Over 50,000 jute mill workers worried as uncertainty looms

Tapos Kanti Das | Published: 00:19, Jul 04,2020


Most of the workers of state-owned jute mills expressed grave concern about their future as uncertainty looms large over their lives due to their sudden loss of jobs following the closure of their mills.

With the government decision to close all the 25 jute mills from July 1, they said that about 50,000 workers, including 24,886 permanent workers and remaining irregular ones, became jobless at the time of COVID-19 outbreak when job cuts in the private sector is rampant.

They fear that there would be no jobs in this crisis for the newly unemployed workers.

The workers said that the notice of the Textiles and Jute Ministry hung at the gate of jute mills early Friday read that the workers received ‘golden handshakes’ as production was declared closed since July 1, though they joined their works on July 1 and July 2.

The workers said that most of the workers were now empty handed and have no shelter of their own and feared that they would have to leave their residences at jute mill colony as the decision of closure had already been executed.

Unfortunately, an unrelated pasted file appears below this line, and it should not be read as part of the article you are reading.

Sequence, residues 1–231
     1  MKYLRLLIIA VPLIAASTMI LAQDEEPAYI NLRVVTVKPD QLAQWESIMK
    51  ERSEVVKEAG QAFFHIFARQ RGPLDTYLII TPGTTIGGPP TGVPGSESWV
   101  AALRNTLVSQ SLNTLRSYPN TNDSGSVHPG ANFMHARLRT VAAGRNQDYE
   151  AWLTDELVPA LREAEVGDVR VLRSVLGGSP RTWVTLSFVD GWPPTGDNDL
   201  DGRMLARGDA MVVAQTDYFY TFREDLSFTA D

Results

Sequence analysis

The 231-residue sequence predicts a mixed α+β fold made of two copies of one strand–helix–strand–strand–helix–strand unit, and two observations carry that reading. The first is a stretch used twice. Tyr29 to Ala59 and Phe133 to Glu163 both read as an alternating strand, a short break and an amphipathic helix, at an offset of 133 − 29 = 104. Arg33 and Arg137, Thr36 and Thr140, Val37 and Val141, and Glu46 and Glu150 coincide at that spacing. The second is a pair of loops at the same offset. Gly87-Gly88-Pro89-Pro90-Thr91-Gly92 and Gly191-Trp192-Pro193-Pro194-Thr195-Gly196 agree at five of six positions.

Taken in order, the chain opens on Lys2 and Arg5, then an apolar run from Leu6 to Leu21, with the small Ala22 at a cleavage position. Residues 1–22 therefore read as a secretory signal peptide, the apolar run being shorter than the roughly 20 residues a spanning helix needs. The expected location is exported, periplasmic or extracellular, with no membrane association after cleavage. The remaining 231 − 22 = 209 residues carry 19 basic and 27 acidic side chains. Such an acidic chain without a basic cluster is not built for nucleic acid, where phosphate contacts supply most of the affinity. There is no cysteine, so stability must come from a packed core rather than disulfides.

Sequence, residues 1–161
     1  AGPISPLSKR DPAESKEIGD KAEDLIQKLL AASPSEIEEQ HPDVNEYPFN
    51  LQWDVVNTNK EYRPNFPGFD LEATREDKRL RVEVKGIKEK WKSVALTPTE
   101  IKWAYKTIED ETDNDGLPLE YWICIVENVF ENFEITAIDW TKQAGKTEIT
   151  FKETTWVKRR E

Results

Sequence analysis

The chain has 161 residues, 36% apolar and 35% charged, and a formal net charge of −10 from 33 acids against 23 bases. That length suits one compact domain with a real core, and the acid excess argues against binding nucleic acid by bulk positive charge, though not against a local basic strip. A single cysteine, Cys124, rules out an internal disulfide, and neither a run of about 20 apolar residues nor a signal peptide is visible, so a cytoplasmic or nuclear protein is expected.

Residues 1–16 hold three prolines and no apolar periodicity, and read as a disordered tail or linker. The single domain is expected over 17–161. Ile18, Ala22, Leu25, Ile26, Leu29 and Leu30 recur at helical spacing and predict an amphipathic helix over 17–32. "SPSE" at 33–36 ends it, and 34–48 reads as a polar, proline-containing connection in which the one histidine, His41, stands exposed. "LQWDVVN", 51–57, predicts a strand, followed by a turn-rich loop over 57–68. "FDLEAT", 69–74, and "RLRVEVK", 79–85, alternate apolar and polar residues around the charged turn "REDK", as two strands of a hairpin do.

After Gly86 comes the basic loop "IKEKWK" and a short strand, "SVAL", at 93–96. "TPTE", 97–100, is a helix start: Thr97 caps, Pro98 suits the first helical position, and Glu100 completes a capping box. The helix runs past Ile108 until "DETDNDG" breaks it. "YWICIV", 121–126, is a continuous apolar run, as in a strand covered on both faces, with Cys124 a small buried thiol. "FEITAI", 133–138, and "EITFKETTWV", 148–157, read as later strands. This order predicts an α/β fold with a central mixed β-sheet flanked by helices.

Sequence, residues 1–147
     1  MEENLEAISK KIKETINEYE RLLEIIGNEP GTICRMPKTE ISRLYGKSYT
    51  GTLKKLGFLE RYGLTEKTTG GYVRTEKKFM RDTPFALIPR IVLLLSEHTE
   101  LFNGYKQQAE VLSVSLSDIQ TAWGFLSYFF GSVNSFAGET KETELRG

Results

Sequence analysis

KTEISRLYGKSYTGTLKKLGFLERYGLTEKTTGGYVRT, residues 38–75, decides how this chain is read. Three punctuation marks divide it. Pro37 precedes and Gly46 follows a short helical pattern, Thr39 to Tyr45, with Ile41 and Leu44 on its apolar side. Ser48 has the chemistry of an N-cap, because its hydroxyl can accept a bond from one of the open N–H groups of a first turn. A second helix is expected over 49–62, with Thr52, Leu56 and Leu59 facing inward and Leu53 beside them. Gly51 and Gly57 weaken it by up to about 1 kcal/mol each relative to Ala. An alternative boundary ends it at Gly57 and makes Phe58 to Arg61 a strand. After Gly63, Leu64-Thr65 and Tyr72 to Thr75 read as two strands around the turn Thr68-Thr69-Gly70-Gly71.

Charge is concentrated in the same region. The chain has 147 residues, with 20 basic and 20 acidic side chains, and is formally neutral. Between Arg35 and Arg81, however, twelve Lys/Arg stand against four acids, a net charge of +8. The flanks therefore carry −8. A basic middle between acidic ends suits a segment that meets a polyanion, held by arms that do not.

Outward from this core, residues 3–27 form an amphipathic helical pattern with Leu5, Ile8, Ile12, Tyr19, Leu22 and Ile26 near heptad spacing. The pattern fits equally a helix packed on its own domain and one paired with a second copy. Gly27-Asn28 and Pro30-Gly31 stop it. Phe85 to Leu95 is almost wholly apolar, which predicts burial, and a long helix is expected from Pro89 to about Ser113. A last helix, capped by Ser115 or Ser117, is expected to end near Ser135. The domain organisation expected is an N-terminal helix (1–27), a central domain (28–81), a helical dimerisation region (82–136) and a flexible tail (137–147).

They raised questions about the silence of the jute mill labour leaders when the mills were declared closed.

The newly jobless workers in Khulna and Jashore, hearing the news of the notice that the authorities hung on their mill gates, ran to see for themselves on early Friday and Friday morning and wailed holding each other, shunning COVID-19 infection fear, expressing fear about their future, New Age correspondents reported, quoting labourers and witnesses.

‘Almost all of the workers now living in mill colonies and most of them have no village home. Where would they go now? We are now worried about our shelter, children’s education and getting new jobs to run our families at this tough time of coronavirus,’ Crescent Jute Mills Workers’ Union vice-president Akram Ali said.

The workers said that though the permanent workers would get benefit of golden handshake, the amount would be low for most of the workers while the irregular ones would get nothing.

Some of the permanent workers expressed their doubt about getting the benefits in the government stipulated time.

They expressed their dissatisfaction over the silence of the jute labour leaders during their crisis.

‘To me, the news of the mill closure was like a bolt out of the blue. I worked here for 35 years,’ said Md Shahjahan, 53, of Platinum Jubilee Jute Mills in an emotion-choked voice.

‘We had earlier taken to the streets demanding due wages but there was hope that we would get it. But I have no job and am still uncertain whether I would get any,’ he said and questioned whether they would get the benefits soon.